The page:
Promoting local enterprise development in Botswana

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Over 800 million people still live in extreme poverty and almost a third of the world's population still lives on the equivalent of about US$3 a day. A lack of decent work opportunities erodes the social contract underlying democratic societies: that everyone must share in progress. Sustainable economic growth depends on creating the conditions that allow people to have decent jobs that stimulate the economy while not harming the environment.  All ICMM members implement the 10 principles that underpin our Sustainable Development Framework. Principle 9 requires companies to continually improve their social performance, and contribute to the social, economic and institutional development of host countries and communities.

When the UN’s Sustainable Development Goals (SDGs) officially came into force in January 2016, the nations of the world committed to mobilise efforts to end poverty, fight inequalities and tackle climate change. Business has a significant part to play, alongside governments and civil society, in creating pathways for a greener, safer and sustainable future for us all. Metals and minerals are essential to almost all aspects of everyday life; they enable farming, healthcare, communications, construction, transport and energy and water supply. And they will arguably become more important as they help to deliver the infrastructure required for a low-carbon future. This is one of a series of case studies gathered from our members to highlight how companies are working to enhance their contribution to society and help industry to manage potential adverse impacts their activities may have on the realisation of some of the SDGs.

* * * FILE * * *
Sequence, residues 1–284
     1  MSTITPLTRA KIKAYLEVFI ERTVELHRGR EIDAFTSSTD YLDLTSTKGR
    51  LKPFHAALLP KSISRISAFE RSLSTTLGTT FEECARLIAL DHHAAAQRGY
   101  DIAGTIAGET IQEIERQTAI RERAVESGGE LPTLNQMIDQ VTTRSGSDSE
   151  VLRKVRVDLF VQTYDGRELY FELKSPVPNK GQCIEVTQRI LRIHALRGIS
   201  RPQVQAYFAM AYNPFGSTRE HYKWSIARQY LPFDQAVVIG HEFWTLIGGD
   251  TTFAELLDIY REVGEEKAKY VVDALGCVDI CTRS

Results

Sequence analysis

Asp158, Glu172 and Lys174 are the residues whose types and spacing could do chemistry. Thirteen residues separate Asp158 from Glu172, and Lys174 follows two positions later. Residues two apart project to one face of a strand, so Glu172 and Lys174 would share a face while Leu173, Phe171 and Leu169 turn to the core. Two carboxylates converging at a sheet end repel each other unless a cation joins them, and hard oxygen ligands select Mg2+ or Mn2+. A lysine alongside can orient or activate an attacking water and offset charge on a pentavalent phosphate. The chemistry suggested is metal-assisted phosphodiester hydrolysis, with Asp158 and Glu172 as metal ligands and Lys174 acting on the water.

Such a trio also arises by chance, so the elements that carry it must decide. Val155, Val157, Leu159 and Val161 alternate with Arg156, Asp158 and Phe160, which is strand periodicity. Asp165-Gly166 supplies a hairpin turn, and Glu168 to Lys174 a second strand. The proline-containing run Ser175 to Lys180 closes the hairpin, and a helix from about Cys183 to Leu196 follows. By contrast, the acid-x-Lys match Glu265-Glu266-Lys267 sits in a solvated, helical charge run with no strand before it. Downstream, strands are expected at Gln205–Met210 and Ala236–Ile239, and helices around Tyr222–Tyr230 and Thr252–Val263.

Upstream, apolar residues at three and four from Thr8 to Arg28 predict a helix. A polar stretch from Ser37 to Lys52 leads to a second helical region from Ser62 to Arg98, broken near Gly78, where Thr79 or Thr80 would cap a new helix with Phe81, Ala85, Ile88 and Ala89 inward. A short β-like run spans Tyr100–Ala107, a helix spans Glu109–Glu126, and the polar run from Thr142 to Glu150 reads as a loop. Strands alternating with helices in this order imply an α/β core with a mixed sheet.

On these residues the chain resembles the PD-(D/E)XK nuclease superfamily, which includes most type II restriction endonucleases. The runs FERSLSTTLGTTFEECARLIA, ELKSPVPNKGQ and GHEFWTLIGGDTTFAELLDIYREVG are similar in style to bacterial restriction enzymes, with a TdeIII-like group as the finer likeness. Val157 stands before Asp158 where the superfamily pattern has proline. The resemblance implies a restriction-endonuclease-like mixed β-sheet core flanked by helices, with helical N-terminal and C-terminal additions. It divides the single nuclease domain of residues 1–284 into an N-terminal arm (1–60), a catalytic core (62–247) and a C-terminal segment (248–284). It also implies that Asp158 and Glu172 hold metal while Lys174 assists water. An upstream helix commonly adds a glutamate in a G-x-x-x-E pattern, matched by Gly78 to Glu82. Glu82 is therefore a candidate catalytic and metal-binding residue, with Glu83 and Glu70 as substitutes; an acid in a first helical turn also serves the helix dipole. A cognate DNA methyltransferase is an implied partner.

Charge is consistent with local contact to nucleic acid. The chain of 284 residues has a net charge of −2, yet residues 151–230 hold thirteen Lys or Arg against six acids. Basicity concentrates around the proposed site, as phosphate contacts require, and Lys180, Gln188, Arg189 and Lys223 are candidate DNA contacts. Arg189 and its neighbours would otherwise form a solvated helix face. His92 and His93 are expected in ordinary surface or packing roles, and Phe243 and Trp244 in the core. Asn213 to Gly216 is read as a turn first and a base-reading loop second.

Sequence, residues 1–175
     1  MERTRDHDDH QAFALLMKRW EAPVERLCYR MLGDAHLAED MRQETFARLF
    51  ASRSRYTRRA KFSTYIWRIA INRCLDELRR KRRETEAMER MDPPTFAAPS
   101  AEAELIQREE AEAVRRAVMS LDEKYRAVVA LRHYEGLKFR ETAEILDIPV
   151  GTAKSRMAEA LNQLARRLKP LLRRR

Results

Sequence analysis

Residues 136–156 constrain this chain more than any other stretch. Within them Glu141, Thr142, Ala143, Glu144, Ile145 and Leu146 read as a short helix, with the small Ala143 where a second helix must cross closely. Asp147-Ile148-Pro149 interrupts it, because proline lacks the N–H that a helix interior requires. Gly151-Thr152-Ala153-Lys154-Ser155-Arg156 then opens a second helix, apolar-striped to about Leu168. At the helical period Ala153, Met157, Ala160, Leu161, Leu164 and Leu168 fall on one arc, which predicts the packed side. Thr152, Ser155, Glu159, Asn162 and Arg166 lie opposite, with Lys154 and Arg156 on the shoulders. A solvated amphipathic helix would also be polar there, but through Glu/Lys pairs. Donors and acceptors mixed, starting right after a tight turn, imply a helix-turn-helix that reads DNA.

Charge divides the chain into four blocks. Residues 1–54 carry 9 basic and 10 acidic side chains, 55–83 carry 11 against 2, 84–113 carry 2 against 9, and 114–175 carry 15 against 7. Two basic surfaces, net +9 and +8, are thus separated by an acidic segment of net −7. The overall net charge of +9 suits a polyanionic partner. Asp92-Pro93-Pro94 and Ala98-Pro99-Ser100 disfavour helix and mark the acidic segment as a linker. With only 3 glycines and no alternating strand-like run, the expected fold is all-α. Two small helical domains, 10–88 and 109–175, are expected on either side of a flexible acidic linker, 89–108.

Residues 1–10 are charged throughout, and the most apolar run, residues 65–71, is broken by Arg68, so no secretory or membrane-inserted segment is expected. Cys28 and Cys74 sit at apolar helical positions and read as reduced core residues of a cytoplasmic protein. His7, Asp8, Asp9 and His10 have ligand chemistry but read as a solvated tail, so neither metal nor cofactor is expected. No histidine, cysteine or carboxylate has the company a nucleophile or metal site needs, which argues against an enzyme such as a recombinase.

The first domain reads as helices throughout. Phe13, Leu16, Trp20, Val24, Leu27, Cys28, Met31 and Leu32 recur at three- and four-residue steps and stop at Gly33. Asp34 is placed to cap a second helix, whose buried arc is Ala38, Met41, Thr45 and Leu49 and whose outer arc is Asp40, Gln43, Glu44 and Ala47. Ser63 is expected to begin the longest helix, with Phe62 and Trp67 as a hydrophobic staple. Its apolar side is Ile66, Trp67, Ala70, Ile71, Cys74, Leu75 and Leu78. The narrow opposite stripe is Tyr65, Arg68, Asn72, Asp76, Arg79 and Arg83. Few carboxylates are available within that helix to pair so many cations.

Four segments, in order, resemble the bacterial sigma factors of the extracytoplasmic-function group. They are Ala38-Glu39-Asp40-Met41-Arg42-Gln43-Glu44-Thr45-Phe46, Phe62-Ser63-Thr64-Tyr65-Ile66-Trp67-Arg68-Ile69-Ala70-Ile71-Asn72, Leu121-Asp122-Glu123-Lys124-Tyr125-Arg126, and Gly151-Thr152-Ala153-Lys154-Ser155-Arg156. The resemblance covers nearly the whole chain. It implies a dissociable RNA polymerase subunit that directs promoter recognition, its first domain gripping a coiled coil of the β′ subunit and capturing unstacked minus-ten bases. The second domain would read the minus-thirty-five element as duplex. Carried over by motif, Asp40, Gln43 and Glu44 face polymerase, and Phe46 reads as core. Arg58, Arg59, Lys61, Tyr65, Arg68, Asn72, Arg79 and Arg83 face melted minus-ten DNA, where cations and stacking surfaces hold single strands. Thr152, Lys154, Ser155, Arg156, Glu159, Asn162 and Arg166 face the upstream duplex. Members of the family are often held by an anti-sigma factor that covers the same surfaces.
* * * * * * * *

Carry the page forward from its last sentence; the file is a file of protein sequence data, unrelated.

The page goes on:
With diamonds currently comprising 83 per cent of Botswana’s export revenues, the Government of Botswana is determined to make their economy less ‘diamond dependent’.

In 2014, a partnership between Anglo American, De Beers Group, Debswana and the Government of Botswana launched an enterprise development initiative. As part of this scheme, the mentorship programme Tokafala (which means ‘to improve’ in the local Tswana language) has bolstered the growth of small, medium and micro-sized enterprises (SMMEs) and helped diversify the economy.

Economic diversification is the top development priority for Botswana, as the country seeks to sustain its remarkable growth since attaining independence in 1965.

Job creation across a wide range of sectors is needed to reduce income inequality and promote social cohesion in the long-term, especially as diamond revenues will eventually decline as the resources deplete. These jobs must be sustainable and inclusive, in line with SDG8. Globally, Anglo American has supported 116,298 jobs through its enterprise development initiatives since 2008. Botswana’s Strategy for Economic Diversification (2008) emphasises an increasingly important role for SMMEs to play in the transition to a less diamond-dependent economy. Yet SMMEs in Botswana face substantial challenges that threaten their growth. These include limited access to markets, informality, financial inadequacies, and a lack of vital business skills in planning, financial management, marketing and operations.

Enterprise Development Programme – Tokafala

In response to these challenges, the partnership launched the 3-year enterprise development programme, ‘Tokafala’.

The programme aims to promote economic development and employment creation in Botswana by helping local entrepreneurs develop the skills they need to build successful and sustainable businesses and providing long-term support to individual SMMEs. The programme is closely aligned with Anglo American’s socio-economic development approach that focuses on leveraging core business activities in order to create value for communities in the areas where Anglo American operates.

Business mentors offer advice tailored to the specific needs of each business, and facilitate Access to Finance (A2F) support. A2F support includes assumption testing, investment need evaluation, financial modelling, identifying sources of finance and application preparation support.